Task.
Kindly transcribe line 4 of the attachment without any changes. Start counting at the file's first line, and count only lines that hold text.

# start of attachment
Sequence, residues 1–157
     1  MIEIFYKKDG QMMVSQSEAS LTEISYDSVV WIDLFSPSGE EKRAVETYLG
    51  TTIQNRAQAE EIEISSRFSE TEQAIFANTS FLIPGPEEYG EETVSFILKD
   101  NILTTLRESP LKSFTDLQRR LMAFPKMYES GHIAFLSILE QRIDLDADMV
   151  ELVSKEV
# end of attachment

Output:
   101  NILTTLRESP LKSFTDLQRR LMAFPKMYES GHIAFLSILE QRIDLDADMV